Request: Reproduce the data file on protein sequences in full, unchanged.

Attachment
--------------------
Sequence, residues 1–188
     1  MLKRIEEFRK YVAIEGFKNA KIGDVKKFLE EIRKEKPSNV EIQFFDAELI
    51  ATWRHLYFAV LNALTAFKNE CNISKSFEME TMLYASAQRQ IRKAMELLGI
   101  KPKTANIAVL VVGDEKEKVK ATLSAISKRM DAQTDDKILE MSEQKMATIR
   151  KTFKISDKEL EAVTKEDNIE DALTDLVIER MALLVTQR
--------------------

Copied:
Sequence, residues 1–188
     1  MLKRIEEFRK YVAIEGFKNA KIGDVKKFLE EIRKEKPSNV EIQFFDAELI
    51  ATWRHLYFAV LNALTAFKNE CNISKSFEME TMLYASAQRQ IRKAMELLGI
   101  KPKTANIAVL VVGDEKEKVK ATLSAISKRM DAQTDDKILE MSEQKMATIR
   151  KTFKISDKEL EAVTKEDNIE DALTDLVIER MALLVTQR